Rural Alaska

2 Russians detained on St. Lawrence Island after they arrived by boat

Editor’s note, Oct. 6: This story has been updated. Find the latest information here.

Two Russians who arrived on St. Lawrence Island by boat were flown off the Bering Sea island by federal government officials this week, setting off a scramble by multiple agencies.

Few details about the situation were publicly known as of Wednesday, with federal and state officials saying very little.

“There were two individuals, they were detained in Gambell,” Alaska Gov. Mike Dunleavy said during a news conference in response to a reporter’s question. “My understanding is they are in Anchorage now.”

“This was a surprise to us,” Dunleavy said. “We do not anticipate a continual stream of individuals.”

A spokesman for the Alaska Department of Public Safety said there was “an incident” on St. Lawrence Island this week involving two Russian nationals. Gambell is less than 40 miles from the Russian mainland.

st. lawrence island map

On Tuesday, the U.S. Coast Guard sent a C-130 cargo plane to St. Lawrence Island carrying U.S. Customs and Border Protection personnel. The Coast Guard transported them out of Gambell, and they are now in the custody of Customs and Border Protection.

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“We were helping CBP transport the individuals out of Gambell,” said Chief Petty Officer Kip Wadlow with the Coast Guard’s District 17 office in Juneau, which was supporting Customs and Border Protection.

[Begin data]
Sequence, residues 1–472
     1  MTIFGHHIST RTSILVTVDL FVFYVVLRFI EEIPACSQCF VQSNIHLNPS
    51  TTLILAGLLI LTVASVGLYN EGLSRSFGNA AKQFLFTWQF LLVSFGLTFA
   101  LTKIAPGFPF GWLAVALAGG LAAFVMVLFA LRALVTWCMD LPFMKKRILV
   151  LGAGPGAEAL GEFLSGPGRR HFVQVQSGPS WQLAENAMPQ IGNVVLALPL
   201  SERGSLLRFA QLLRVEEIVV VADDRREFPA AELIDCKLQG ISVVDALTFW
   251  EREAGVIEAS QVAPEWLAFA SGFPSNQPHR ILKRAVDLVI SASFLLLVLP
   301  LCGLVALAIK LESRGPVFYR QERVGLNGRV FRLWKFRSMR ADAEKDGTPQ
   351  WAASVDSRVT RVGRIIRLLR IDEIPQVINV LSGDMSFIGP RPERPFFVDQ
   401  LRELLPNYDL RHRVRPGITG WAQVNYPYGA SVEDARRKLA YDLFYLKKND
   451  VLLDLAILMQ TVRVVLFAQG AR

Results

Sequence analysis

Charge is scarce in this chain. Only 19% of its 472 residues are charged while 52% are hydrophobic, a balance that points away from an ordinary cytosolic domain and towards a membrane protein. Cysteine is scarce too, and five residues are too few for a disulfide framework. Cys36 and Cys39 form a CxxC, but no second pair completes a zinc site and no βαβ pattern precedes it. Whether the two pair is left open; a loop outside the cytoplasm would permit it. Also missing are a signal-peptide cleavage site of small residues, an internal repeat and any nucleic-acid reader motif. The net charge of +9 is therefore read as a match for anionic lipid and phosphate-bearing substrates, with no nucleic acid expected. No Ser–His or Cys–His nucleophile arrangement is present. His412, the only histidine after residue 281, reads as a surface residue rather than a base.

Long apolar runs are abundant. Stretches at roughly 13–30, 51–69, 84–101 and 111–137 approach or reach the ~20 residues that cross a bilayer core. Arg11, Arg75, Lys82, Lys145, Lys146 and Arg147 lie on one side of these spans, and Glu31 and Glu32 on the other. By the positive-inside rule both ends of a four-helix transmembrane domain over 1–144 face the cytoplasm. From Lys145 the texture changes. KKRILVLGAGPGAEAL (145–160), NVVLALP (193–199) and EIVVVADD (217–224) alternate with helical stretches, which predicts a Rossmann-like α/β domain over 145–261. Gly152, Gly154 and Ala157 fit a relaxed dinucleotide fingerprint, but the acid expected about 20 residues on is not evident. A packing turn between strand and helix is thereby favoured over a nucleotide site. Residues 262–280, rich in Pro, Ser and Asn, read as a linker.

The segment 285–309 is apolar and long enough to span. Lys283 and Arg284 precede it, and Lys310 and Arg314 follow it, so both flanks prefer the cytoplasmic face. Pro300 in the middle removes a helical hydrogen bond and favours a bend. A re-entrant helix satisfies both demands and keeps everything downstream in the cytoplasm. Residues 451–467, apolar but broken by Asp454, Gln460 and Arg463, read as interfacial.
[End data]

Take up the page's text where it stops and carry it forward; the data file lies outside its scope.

The aircraft has since returned to its air station in Kodiak, but Wadlow referred questions about the people onboard to CBP.

The U.S. State Department referred questions about the incident to the Department of Homeland Security. Customs and Border Protection, which falls under Homeland Security, did not respond to email or voice messages requesting comment.

Information circulating online and in text messages Tuesday was filled with rumors, few of them verifiable. An image circulating privately Tuesday included a small metal boat on a St. Lawrence Island beach with a vessel identification code stenciled on the side that appears to be Russian, suggesting the pair boated across the Bering Sea from the Russian mainland. Several people with knowledge of the situation declined to comment on the record, citing concerns for the Russians’ safety and that of relatives who may still reside in Russia, where citizens escaping the government’s compulsory military mobilization face punishment.

Gambell Mayor Alvin Aningayou said Wednesday that he had no information that he could provide.

A community leader in the Bering Strait region contacted U.S. Sen. Dan Sullivan early Tuesday morning to notify him of reports about the pair’s arrival on St. Lawrence Island, according to Sullivan communications director Mike Reynard.

“Given current heightened tensions with Russia, Senator Sullivan called the Secretary of the Department of Homeland Security and spoke to him as well as another senior DHS official,” Reynard said. “Since those calls, Customs and Border Protection is responding and going through the process to determine the admissibility of these individuals to enter the United States.”

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Zachariah Hughes

Zachariah Hughes covers the military, dog mushing, politics, subsistence issues and general assignments for the Anchorage Daily News. Prior to joining the ADN he worked in Alaska’s public radio network, and got his start in journalism at KNOM in Nome.

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